I have a dimmable floor light with 6 G4 bulbs. I ordered a bunch of dimmable LED bulbs and now that they've arrived after weeks, they don't light up at all. If I take one bulb off and place a halogen one instead, they would light up and dim (even though they're flicking), but as soon as I take off the halogen bulb, the whole light turns off. The requirements for the light is 10W max for the bulbs, and what I've got is obviously less than that, maybe too low?

Another thing I notice is that the light is 230-240V as we'd expect but the bulbs are AC/DC12V,180LM.

Any idea if I could fix this without having to return the bulbs? Or what LED bulbs should I be looking for?

Please see the video of the issue, and here’s the link to the purchased bulbs.

  • Can you link the LED bulbs that you ordered? Did they say flat out that they are dimmable? Do they work on multi-voltage 12-24V, or 12V only? Aug 11, 2019 at 0:56
  • @Harper I added the link. They are dimmable, or that’s what they’re sold as. I suppose the 230-240V mentioned at the base of the light refers to its mains voltage as the user below pointed out the bulb requirement label indicates 12V which is what I have.
    – Neeku
    Aug 11, 2019 at 1:12
  • Why the downvote I’m wondering...
    – Neeku
    Sep 2, 2019 at 23:26

2 Answers 2


With LEDs, 12V dimming works differently from mains dimming.

The pictures of these LEDs show they are set up just like 12 volt LED strips - 3 LEDs in series with a resistor, repeated as needed. They also havea bridge rectifier, the angled devices in the photos, to assure they work in either polarity or on AC.

AC Mains dimmers for incandescents typically use trailing-edge triac dimming, which manipulates the AC sinewave. Mains AC LEDs "dim" the same way. Actually they are immune to dimming, but they have some intelligence that reverse-engineers what the triac dimmer is trying to do, and they dim to match.

Your LEDs are not capable of this. That doesn't make them unfit for dimming, but rather, unfit for mains style triac dimming.

In the low voltage world it is quite different. In incandescent, there are several ways to dim, including reducing the voltage, or triac dimming again. However, LEDs use a technique called PWM, which turns the power on and off thousands of times a second (not 100 times a second like triac dimming).

These LEDs are built to be compatible with PWM dimming. They might work somewhat with triac dimming, but I'd expect them to be shimmery since they turn instantly on/off. The seller didn't mention this because they are simply hawkers of cheap Cheese junk off Alibaba, which is direct shipped from China (or Amazon's fulfillment warehouses) to circumvent your country's quality and safety standards. That said, those LEDs are so simple that they should work electrically even if they do fill your house with carcinogenic smoke at the first power spike.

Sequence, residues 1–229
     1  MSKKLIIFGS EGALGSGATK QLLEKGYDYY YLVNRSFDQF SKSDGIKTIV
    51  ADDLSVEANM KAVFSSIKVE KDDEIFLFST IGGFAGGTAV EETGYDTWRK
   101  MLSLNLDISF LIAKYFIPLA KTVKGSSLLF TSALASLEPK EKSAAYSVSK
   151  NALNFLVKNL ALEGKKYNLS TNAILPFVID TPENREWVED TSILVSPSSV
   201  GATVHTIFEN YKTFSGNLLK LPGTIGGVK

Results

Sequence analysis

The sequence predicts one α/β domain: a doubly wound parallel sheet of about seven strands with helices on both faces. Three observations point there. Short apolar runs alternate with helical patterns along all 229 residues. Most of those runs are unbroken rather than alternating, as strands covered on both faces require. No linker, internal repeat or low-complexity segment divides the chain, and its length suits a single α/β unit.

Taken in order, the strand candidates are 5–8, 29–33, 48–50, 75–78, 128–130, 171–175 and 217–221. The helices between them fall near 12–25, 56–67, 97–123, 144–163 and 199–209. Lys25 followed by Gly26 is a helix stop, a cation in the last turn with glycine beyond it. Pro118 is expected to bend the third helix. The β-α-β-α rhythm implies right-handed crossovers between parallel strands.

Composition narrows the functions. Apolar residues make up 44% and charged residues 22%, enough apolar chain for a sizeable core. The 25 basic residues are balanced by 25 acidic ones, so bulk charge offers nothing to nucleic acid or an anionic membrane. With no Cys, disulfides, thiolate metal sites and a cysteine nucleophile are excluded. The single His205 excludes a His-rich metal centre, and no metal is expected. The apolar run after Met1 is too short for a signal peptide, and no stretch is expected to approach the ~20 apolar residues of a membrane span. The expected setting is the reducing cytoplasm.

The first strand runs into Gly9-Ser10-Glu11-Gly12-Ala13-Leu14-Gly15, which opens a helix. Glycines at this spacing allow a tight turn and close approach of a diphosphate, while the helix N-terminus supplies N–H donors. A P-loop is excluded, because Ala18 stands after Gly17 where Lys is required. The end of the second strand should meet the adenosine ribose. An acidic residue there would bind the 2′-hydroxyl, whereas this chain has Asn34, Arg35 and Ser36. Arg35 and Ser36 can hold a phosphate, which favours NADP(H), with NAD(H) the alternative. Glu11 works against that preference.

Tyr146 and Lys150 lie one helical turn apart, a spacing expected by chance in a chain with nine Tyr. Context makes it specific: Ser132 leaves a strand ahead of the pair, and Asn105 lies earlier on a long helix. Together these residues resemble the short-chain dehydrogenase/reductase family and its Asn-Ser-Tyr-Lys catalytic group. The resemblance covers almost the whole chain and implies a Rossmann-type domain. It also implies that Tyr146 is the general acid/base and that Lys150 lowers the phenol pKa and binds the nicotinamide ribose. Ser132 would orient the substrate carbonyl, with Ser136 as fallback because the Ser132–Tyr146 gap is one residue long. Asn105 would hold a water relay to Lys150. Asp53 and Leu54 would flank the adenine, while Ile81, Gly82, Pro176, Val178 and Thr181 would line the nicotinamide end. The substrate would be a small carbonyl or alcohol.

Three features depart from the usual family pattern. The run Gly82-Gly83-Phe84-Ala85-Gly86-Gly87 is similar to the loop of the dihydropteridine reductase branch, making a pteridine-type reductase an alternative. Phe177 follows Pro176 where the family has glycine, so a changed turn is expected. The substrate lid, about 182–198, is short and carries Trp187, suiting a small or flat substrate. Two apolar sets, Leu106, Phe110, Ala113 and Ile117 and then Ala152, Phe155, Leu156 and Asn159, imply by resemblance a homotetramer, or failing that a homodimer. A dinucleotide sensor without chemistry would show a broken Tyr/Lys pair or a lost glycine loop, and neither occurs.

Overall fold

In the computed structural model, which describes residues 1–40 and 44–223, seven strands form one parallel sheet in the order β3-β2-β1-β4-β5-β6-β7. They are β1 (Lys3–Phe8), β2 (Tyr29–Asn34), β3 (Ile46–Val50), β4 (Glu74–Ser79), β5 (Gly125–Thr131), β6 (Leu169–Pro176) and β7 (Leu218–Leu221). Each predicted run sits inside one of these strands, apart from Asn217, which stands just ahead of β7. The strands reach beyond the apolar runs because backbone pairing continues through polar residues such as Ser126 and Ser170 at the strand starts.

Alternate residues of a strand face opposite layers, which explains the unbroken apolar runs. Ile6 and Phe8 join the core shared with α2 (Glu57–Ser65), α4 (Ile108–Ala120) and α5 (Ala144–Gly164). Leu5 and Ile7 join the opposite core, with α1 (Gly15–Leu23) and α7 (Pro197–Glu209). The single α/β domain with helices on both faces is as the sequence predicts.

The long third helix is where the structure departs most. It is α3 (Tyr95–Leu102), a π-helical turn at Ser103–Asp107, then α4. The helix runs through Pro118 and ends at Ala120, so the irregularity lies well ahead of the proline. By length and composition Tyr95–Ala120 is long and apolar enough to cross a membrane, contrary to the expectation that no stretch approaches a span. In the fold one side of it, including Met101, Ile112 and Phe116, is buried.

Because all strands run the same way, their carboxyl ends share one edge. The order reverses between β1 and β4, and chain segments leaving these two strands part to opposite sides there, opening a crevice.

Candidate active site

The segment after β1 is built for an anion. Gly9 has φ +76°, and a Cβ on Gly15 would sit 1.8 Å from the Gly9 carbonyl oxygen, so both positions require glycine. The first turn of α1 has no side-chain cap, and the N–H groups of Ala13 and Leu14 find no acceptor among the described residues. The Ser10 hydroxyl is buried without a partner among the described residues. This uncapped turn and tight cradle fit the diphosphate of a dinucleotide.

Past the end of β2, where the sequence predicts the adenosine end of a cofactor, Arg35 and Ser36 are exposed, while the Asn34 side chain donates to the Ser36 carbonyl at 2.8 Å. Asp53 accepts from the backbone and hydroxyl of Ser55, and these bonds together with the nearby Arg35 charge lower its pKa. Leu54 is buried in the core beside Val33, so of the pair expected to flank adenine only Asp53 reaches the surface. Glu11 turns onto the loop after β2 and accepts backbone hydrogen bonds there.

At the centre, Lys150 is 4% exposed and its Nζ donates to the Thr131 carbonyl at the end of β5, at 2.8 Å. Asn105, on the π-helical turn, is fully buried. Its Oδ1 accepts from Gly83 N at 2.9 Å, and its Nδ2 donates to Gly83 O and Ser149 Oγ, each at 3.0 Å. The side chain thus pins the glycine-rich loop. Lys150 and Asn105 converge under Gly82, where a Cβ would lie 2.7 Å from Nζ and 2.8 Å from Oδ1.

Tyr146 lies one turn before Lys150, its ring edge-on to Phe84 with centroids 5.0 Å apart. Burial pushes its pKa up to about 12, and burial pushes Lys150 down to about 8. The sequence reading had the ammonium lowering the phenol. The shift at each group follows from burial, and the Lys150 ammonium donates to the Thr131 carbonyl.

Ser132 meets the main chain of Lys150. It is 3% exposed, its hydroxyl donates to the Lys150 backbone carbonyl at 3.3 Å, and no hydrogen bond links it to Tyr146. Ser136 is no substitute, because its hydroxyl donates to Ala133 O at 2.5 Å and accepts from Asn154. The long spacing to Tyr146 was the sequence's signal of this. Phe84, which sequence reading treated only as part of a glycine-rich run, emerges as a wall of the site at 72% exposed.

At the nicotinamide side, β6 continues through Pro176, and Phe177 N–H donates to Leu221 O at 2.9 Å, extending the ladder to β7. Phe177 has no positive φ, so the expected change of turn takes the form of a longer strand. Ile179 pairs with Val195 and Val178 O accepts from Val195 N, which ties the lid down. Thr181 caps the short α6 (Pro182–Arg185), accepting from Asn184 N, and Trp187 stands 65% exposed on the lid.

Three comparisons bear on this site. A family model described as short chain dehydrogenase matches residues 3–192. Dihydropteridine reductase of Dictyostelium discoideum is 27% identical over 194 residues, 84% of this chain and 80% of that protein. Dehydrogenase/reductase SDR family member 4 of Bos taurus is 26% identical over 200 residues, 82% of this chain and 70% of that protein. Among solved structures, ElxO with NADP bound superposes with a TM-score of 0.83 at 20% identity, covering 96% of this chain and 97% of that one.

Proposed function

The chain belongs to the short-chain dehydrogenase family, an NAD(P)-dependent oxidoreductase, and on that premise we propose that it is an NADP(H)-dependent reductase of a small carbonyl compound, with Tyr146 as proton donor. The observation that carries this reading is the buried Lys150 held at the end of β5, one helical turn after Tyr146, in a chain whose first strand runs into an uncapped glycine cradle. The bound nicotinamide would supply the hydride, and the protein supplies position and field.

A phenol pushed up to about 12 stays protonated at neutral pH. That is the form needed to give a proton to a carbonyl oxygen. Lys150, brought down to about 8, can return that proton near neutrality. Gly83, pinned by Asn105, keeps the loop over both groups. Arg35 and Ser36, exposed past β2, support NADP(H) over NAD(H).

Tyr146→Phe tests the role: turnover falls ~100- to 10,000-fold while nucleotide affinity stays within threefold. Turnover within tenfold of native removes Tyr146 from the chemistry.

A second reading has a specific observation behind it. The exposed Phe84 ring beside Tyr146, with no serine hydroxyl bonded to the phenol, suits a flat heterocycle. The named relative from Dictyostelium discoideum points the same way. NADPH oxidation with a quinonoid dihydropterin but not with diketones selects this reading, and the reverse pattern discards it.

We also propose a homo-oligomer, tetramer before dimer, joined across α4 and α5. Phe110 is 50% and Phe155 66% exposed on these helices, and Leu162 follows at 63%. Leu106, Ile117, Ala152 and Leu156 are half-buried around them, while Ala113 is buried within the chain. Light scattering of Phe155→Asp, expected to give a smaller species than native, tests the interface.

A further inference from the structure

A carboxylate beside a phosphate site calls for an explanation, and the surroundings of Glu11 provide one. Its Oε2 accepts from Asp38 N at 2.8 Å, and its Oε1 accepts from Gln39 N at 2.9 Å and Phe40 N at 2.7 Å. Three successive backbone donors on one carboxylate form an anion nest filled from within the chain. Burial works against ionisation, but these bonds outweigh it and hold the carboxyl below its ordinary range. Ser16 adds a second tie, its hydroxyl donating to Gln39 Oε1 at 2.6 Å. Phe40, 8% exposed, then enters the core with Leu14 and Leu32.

This luminaire's dimmer is not only a triac dimmer, but is the old style that connects in series with incandescent lights. To work, it must flow a certain amount of current through the incandescent whether it's on or off, and your LEDs + 1 incandescent aren't capable of that. You could try inserting more incandescents, but that would ... defeat the purpose ...

The smarter play is to rework the luminaire to use PWM dimming.

  • For now I’ve replaced two of the bulbs with halogen ones and it’s working. I ran into non dimmable high quality leds today and got some. Would it blow the led bulb if I try to dim it with the nondimmable led on?
    – Neeku
    Sep 3, 2019 at 21:23
  • LED's won't blow if you try to dim it. It'll just probably stop working or not turn on, but the LEDs don't "blow" unless you do something stupid, like feed it with 240V AC directly...
    – Nelson
    Jan 9, 2020 at 5:33

From the video, the sockets want 12V bulbs, so a 12V LED is appropriate. What's most likely is that the dimmer is an old-style one that doesn't interact well with LEDs. The way to fix this is to get a new lamp, or get the lamp off the dimmer, depending on your setup.

EDIT: To expand, the issue is that LED lamps are actually electronics, and are not a simple resistive load. Therefore, restricting their power input in the way dimmers do will do something weird, with the exact weirdness depending on the technology used for the dimmer and LED. There are LEDs that are designed to work with dimmers, but your mileage may vary on those. A better bet would be to get one of the LED bulbs/lights that use a remote and handle dimming internally.

I think the setup you have now is using a triac dimmer, which needs an actual load across it. Without the load, the triac doesn't actually stay on. This is why it starts working after you hook up the halogen.

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